Porsha Olayiwola Shares Her Experience Using Poetry As A Form Of Self-Expression


Porsha Olayiwola

This week we celebrated Black Poetry Day, a day that honors the contributions and legacy of Black poets while shining the spotlight on poets pioneering conversations today. So, to celebrate the occasion, we spoke to the incredibly talented, lyrically blessed, Porsha Olayiwola, a poet laureate for the city of Boston whose poetry probes societal norms with frank honesty. Porsha is also the author of the book, I Shimmer Sometimes, Too, a collection of poignant poems that explore the fabric of Black womanhood and her self-observations.

Her thought-provoking, one-person choreopoem, Black and Ugly as Ever, scrutinizes societal norms of beauty while following the journey of self-love as a queer, Black woman. Her work is real and honest, and her captivating performances bring her words to life to shake home their power and meaning – we couldn’t stop watching!

As well as writing, reading, and teaching poetry, she’s also a playwright and a self-proclaimed Afrofuturist/ pessimist. We spoke to Porsha to delve deeper into how poetry empowers her, and her journey as a queer Black woman making her mark with poetry.

1. How did you get into poetry and how do you use it as a form of self-expression?

I always was writing when I was younger, whether it be theories or poems, but I didn’t first start actively, knowingly writing poetry until high school. I had a high school teacher who took me to ‘Louder than above,’ which is the world’s largest youth poetry festival. And I was blown away from what I heard, what I saw, and then I went home immediately and started writing – and have been pretty much writing ever since – as a form of self-expression, as a form of remembrance, re-memory, as a form of permanence, as a form of expansion.

2. What do you feel most passionate writing about, and how does this empower you?

I think I’ve been writing mostly about the past and reconciling the past, making reparations via writing about the past. I write a lot about history, and it feels righteous. It feels very righteous to remember and to know that those unremembered will go remembered if only I write it.

3. Tell us a bit about your experience as a queer Black woman and how that affects the way that you move throughout the world?

You know, I am queer, I am large, I am fat and dark-skinned, and queer presenting, masculine of center. So people, often, if they’re not mistaking me as Sir, they definitely know that I am some kind of queer or disrupting gender norms as we know it, and it affects every aspect. It’s how I see myself as I move through the world, and it’s not necessarily a bad thing; it definitely feels like a superpower sometimes, but also, it causes a lot of ‘the gaze,’ if you will.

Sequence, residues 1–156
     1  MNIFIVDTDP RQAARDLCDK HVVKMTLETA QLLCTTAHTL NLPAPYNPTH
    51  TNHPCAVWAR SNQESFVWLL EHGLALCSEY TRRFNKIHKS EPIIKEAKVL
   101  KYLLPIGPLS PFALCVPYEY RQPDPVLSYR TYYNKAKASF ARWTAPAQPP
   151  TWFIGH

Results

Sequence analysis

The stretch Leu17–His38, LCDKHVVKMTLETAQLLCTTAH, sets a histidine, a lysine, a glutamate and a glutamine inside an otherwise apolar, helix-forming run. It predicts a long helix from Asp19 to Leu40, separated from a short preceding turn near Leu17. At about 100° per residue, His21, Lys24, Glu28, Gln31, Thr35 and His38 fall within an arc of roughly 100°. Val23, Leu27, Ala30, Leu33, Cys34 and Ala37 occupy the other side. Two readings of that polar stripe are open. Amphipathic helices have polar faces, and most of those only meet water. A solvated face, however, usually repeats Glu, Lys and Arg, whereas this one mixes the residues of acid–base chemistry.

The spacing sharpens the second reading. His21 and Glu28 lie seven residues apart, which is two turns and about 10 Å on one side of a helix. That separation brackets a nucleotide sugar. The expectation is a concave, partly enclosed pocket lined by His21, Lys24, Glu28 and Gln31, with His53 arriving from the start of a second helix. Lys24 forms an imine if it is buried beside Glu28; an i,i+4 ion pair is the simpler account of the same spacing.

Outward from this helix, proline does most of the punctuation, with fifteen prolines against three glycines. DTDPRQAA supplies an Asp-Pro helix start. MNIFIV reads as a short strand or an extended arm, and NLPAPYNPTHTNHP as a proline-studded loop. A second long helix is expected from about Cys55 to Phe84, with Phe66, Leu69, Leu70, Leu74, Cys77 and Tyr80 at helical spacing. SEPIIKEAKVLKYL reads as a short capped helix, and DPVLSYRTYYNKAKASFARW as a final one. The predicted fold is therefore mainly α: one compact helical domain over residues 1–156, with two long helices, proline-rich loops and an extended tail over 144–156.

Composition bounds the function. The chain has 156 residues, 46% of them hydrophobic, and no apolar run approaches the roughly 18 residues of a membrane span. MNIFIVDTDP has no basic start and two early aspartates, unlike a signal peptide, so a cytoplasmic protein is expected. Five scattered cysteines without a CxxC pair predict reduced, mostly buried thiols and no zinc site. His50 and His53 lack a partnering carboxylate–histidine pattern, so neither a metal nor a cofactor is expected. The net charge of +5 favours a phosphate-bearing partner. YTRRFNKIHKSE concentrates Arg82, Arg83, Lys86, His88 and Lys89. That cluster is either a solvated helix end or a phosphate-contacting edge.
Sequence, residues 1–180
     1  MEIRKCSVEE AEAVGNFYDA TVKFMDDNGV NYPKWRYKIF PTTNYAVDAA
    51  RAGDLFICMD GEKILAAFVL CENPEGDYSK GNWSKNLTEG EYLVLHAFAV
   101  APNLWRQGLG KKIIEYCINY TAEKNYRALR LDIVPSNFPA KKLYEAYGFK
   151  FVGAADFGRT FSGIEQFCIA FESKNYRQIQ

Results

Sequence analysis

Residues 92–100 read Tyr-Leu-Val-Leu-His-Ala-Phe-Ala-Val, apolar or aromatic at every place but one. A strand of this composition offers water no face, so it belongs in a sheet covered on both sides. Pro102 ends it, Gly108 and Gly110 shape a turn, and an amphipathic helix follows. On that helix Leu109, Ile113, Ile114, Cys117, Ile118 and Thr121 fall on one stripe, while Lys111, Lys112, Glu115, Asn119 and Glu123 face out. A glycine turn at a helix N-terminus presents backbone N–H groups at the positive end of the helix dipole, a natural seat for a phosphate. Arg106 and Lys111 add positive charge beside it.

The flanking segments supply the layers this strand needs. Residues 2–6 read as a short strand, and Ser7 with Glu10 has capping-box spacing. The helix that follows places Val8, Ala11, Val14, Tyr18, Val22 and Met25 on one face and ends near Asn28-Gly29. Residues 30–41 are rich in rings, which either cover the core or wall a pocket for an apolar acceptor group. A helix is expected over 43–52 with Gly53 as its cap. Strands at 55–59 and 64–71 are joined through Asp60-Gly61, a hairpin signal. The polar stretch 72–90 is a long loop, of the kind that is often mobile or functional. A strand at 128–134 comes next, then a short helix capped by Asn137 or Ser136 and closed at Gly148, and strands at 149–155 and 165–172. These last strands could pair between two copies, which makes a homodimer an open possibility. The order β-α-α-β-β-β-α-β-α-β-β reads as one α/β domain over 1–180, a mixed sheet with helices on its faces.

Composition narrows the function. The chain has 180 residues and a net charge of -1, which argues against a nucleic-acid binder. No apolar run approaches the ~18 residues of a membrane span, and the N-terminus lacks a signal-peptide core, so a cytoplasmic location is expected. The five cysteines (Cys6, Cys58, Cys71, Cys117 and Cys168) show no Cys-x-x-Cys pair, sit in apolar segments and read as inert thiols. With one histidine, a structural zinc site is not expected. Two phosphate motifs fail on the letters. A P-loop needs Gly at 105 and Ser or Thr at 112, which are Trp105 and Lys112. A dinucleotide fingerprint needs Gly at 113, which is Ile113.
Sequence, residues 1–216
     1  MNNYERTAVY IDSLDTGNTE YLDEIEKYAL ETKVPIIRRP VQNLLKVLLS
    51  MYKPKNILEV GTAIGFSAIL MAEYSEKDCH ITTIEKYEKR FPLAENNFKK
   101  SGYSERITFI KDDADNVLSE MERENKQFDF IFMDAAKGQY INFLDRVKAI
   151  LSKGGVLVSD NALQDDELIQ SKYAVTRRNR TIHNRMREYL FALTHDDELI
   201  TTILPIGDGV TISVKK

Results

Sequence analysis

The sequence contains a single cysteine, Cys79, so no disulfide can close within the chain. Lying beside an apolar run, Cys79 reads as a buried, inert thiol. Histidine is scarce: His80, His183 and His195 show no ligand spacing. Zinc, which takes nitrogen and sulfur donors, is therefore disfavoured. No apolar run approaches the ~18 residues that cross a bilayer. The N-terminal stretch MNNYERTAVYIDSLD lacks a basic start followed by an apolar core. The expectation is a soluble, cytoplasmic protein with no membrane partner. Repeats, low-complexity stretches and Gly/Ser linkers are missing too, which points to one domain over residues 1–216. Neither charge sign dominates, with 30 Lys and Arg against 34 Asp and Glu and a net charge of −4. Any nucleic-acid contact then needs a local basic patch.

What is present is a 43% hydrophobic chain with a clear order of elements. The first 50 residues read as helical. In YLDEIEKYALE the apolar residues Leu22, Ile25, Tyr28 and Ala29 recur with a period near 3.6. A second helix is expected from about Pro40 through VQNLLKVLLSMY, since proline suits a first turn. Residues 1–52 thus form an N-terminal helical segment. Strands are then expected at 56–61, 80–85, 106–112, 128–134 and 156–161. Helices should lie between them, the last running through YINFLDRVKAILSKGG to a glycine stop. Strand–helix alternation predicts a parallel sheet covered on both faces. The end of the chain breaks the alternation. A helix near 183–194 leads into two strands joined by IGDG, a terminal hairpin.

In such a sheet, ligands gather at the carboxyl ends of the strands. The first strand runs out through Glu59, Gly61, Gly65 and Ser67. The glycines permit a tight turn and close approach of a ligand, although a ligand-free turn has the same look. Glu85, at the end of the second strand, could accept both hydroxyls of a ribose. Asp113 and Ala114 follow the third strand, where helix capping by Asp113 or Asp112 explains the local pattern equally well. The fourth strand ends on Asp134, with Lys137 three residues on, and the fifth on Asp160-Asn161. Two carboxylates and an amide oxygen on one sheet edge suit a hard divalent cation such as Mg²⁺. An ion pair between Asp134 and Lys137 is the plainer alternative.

4. Tell us about your journey to where you are now? What have been some of the most pivotal moments for you?

Listening to that poetry slam when I was in High school; it’s something that is unforgettable, and something that I will always remember as the starting point for my writing. Another was the move to Boston: to be able to step into my own self without the context of anything that I thought I knew holding onto me was great. Moving and relocating to Boston as an individual soul person has been incredible, and I will also say serving as the city’s poet laureate has been pivotal. It has allowed me to give what I feel like I have in my heart, of serving in the form of poetry. It has been kind of defining!

5. What have been some of the most challenging moments, and how did you overcome them?

One of the toughest moments was probably the deportation of my father when I was younger; it’s something I write about sparingly. How did I overcome it? I don’t have the end to that answer yet; it’s something that I’m constantly, repeatedly overcoming. I’m constantly moving through the world, thinking about ways to undo some of the borderlands that we’ve created to call my father and to visit my father.

6. How do you use your life experiences to inform your work?

They’re very much so embedded into it. Not only in content and thinking about what I’m writing about, but also in terms of the energy the poem provides, like how can I implement a fast-paced day into a poem crafted with fast-pace as intention – so it informs every aspect.

7. What message would you like to share with our readers on Black Poetry Day?

I did not know that it was Black Poetry Day, so Happy Black Poetry Day! This is super exciting! As I lean into this, it means a legacy. It’s a legacy, it’s a lineage, it’s ancestry and an infinite future, and more specifically, I’m thinking about June Jordan’s “The Difficult Miracle of Black Poetry in America.” Most poets speak in their own native tongue, and as Black folks in this country, our native tongue is our oppressor’s tongue. And so trying to exist in the soil that has unwanted you for so many years and trying to exist as a liberated, free-thinking poet – a crafter of words and of human essence – is a difficult miracle, as June Jordan says. I’m so infinitely grateful to be a part of that lineage.

8. What advice would you give to other Black poets who want to follow in your footsteps?

Read! Reading is always the answer. Read and then write and then write and then write. And then find you a group of other poets you admire or might be your peers that you can work with. I think sometimes poems grow best in community.

9. What are your goals and dreams for the future?

My goals and dreams for the future are vast and endless. I want to travel the world; I want to write five more books. I want to write for TV and contribute to something that is overall beyond myself. And that’s just a few of them. The list goes on.

Watch more of Porsha’s powerful performances here and follow her on Instagram here.